Capitated agreements potentially expose the provider to substantial financial risk.  If the pool of plan Members assigned to the provider is either older or sicker than typical plan Members, utilization of the plan’s benefits may result in delivery of medical services at a net loss.  The expense attributed to patient care could well exceed the PMPM capitation amount plus applicable co-payments.  Prior to signing any capitation agreement, providers should understand the risk involved, and obtain as much information as possible from the carrier to evaluate the decision to participate.


Understanding Capitation

A capitated agreement is essentially a risk management agreement.  To provide some backdrop, consider the popular Atlantic City game of roulette.  If a gambler bets on red, black, odd, or even, he or she knows that there is a 47.37% chance of winning.  The payout for these bets is 1:1, meaning that the winning gambler will receive $1 for every dollar wagered.  By knowing the odds of winning, and the return for every dollar bet, the gambler can make an informed decision on whether the wager is within his or her risk tolerance.  Just as a gambler would contemplate the risks inherent with each wager, the physician, too, should engage in a similar decision making process when determining whether to participate with a capitated plan.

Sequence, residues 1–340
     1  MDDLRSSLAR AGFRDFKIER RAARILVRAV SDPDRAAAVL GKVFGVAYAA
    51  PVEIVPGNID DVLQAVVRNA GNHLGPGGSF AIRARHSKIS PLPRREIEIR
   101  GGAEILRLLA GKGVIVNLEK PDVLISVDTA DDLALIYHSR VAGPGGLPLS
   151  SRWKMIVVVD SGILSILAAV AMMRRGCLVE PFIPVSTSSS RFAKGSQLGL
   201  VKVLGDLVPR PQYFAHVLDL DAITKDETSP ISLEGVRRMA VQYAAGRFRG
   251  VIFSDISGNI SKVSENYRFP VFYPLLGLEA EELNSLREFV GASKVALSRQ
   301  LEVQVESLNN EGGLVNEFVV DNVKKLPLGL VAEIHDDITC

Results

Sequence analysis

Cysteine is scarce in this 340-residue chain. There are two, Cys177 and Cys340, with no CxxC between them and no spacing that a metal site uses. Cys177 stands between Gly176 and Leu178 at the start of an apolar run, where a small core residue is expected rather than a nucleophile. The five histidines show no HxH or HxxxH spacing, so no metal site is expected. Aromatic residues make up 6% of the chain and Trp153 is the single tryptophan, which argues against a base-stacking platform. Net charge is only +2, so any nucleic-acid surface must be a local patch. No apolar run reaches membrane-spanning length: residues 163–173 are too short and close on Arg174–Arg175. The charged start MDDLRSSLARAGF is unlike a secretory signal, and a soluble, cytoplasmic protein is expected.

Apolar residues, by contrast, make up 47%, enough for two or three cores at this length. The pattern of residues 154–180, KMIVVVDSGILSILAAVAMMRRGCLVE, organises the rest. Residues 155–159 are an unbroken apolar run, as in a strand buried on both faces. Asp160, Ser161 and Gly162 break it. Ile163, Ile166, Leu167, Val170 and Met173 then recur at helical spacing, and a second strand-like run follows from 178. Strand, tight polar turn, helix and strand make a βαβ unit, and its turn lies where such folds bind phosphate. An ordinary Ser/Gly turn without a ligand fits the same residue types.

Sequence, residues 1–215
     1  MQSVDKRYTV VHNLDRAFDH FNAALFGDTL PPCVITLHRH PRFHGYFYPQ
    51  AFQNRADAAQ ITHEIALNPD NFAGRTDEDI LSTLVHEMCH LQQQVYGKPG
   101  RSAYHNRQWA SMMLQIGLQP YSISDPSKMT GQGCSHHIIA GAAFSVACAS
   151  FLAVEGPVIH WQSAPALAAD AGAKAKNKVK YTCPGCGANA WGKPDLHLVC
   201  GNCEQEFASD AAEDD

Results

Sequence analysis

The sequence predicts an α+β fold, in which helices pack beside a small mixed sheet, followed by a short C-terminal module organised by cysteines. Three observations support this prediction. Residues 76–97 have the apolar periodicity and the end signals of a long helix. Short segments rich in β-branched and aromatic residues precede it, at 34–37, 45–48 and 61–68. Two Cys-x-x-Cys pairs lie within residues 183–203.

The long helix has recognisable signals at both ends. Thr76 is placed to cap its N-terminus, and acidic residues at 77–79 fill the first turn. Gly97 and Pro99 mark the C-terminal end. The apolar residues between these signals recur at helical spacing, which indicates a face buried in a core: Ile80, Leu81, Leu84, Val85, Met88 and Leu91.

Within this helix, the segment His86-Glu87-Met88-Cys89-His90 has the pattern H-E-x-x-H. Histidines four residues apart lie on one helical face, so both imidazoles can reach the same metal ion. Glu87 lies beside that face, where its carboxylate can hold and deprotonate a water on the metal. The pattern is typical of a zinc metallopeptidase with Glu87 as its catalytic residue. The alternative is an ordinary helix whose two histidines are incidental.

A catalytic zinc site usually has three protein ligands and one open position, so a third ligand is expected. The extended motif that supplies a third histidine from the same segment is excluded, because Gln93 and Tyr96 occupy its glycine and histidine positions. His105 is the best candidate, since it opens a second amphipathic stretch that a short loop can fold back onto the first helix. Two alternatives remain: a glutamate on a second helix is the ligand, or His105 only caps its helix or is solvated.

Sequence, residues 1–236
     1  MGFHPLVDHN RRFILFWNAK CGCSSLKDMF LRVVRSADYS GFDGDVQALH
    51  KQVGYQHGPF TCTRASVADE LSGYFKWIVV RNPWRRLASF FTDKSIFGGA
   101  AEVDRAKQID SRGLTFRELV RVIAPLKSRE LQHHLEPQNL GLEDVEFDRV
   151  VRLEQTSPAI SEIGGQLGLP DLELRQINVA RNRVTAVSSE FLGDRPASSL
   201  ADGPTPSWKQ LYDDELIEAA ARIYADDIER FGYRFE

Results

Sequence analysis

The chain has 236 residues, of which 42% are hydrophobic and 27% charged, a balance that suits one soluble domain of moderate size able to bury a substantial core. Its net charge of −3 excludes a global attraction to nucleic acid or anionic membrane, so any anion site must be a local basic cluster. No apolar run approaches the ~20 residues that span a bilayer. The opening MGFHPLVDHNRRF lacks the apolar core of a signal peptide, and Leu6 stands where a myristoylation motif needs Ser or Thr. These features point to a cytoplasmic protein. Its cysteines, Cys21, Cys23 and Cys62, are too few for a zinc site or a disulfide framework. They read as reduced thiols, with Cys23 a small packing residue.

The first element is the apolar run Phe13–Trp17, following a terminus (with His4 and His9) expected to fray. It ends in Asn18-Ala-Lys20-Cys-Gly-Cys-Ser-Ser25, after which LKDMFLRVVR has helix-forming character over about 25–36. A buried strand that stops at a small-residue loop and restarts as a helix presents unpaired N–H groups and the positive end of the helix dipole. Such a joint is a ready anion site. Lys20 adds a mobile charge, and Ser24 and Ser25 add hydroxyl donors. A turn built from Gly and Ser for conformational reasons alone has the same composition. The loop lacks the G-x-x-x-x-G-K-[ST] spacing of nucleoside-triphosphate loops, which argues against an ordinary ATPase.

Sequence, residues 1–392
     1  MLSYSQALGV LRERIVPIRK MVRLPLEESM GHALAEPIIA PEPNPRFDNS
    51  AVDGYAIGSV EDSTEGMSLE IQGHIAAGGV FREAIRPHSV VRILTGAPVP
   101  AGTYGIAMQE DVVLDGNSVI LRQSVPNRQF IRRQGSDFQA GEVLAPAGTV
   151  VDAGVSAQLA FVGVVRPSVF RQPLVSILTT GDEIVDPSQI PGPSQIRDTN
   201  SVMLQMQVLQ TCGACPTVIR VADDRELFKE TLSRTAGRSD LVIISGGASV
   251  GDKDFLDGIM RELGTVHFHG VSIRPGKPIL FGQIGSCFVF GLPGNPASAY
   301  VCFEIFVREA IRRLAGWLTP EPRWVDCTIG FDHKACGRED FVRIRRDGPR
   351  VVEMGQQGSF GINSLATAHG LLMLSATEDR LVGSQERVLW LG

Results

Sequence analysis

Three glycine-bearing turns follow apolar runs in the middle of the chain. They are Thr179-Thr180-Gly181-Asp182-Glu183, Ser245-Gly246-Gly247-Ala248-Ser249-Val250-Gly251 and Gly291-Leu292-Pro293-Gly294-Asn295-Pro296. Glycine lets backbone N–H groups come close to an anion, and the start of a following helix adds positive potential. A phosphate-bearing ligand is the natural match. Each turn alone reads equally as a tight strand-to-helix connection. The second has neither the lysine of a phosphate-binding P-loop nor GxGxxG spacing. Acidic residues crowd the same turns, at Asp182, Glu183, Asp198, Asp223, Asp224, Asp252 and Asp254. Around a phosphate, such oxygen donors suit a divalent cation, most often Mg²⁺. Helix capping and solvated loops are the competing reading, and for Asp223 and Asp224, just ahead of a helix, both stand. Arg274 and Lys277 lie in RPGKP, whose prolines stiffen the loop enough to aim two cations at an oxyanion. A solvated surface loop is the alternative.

Does the PMPM provide adequate compensation?  The PMPM should be based on an actuarial determination of the likelihood of a patient’s utilization of health care services.  For Medicare Advantage Plans and State Medical Assistance Plans, the federal government defines an “actuarially sound capitation rate” as a rate which has been developed in accordance with generally accepted actuarial principles and practices; is appropriate for the populations to be covered; is appropriate for the services to be furnished; and have been certified by actuaries who meet the qualification standards established by the American Academy of Actuaries and follow the practice standards established by the Actuarial Standards Board.”[8]  One publication of the American Medical Association indicates that “actuarially sound” means that “[t]he PMPM payments provide for all reasonable, appropriate, and attainable costs that can be expected for your patient population.”[9]